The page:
Favs/dislikes: 1:0. From The Passion of the Christ to Life of Brian, and from The Ten Commandments to Last Temptation of Christ, filmmakers have been adapting the stories of the Bible for over 120 years, from the first time the Höritz Passion Play was filmed in the Czech Republic back in 1897. Ever since, these stories have inspired musicals, comedies, sci-fi, surrealist visions and the avant-garde not to mention spawning their own genre, the biblical epic. Filmmakers across six continents and from all kinds of religious perspectives (or none at all), have adapted the greatest stories ever told, delighting some and infuriating others. 100 Bible Films is the indispensable guide to this wide and varied output, providing an authoritative but accessible history of biblical adaptations through one hundred of the most interesting and significant biblical films. Richly illustrated with film stills, this book depicts how such films have undertaken a complex negotiation between art, commerce, entertainment and religion. Matthew Page traces the screen history of the biblical stories from the very earliest silent passion plays, via the golden ages of the biblical epic, through to more innovative and controversial later films as well as covering significant TV adaptations. He discusses films made not only by some of our greatest filmmakers, artists such as Martin Scorsese, Jean Luc Godard, Alice Guy, Roberto Rossellini, Pier Paolo Pasolini, Lotte Reiniger, Carl Dreyer and Luis Buñuel, but also those looking to explore their faith or share it with lovers of cinema the world over.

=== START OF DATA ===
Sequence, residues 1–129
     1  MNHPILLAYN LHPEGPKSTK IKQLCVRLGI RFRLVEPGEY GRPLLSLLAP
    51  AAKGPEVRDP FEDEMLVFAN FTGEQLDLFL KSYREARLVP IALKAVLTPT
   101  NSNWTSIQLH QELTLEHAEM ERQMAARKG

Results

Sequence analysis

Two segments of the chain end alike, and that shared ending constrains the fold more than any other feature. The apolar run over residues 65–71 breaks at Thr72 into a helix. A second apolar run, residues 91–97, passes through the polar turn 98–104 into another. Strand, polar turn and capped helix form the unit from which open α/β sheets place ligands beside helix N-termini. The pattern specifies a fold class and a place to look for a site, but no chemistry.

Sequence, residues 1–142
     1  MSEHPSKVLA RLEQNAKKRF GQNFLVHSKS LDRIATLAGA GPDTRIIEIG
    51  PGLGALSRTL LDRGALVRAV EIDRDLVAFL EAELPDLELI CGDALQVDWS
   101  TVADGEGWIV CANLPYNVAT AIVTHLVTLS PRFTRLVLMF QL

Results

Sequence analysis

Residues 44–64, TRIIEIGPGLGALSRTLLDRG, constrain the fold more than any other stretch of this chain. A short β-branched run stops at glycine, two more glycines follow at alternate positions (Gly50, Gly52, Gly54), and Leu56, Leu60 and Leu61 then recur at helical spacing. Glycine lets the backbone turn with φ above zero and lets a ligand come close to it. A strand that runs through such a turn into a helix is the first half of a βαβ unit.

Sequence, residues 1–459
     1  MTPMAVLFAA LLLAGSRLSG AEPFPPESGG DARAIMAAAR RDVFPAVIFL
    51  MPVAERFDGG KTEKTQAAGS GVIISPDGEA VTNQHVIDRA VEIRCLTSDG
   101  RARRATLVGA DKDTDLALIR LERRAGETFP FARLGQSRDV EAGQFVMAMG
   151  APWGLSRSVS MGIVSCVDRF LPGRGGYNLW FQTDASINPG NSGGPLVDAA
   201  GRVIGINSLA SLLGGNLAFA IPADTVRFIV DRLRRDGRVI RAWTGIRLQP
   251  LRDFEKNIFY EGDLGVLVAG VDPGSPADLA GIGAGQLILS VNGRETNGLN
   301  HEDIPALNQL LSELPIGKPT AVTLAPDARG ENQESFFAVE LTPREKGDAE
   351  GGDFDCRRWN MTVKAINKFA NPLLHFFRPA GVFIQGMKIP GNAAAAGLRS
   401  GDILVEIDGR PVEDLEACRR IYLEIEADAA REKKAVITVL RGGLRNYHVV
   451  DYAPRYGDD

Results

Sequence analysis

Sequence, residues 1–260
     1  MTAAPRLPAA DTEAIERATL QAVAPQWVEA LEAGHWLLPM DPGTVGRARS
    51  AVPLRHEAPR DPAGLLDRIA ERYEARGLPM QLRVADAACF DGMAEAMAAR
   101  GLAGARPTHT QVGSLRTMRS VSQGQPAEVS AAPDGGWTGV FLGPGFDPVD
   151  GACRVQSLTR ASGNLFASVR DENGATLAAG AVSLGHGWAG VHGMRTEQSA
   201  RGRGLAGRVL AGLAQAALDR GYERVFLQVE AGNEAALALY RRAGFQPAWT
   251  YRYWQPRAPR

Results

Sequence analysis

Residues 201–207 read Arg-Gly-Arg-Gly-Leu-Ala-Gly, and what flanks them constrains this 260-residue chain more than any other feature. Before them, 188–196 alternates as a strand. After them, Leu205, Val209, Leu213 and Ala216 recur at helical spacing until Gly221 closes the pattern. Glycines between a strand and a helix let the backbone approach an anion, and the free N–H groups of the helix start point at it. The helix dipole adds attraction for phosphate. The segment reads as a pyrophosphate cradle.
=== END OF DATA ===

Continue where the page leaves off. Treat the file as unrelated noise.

6. Catholic Films's icon

    Catholic Films

    Favs/dislikes: 1:0.
  7. Against religion / Science divulgation movies's icon

    Against religion / Science divulgation movies

    Favs/dislikes: 0:0. This movies and documentals was made to one or other way to express the religious refuse and spread the scientist thinking.
  8. Vatican Best Films List's icon

    Vatican Best Films List

    Favs/dislikes: 0:0. On March 17, 1995, almost exactly 10 years before his passing, Pope John Paul II addressed a plenary assembly of the Pontifical Commission for Social Communications, which that year observed another anniversary of particular importance to its own mission and to the Holy Father’s heart: the centenary of the motion picture. “Since the first public audience in Paris viewed the moving pictures prepared by the Lumière brothers in December 1895,” the pope said, “the film industry has become a universal medium exercising a profound influence on the development of people’s attitudes and choices, and possessing a remarkable ability to influence public opinion and culture across all social and political frontiers.” Later that year, the pontifical commission provided an important reference point to Catholics interested in assessing the cinema’s “many worthwhile productions during the first hundred years of its existence”: a list of 45 films that has come to be known as the Vatican film list.
  9. Vatican's list of films's icon

    Vatican's list of films

    Favs/dislikes: 0:0. In 1995, on the occasion of the 100th anniversary of cinema, the Vatican compiled a list of 45 "great films". The 45 movies are divided into three categories: religion, values, and art.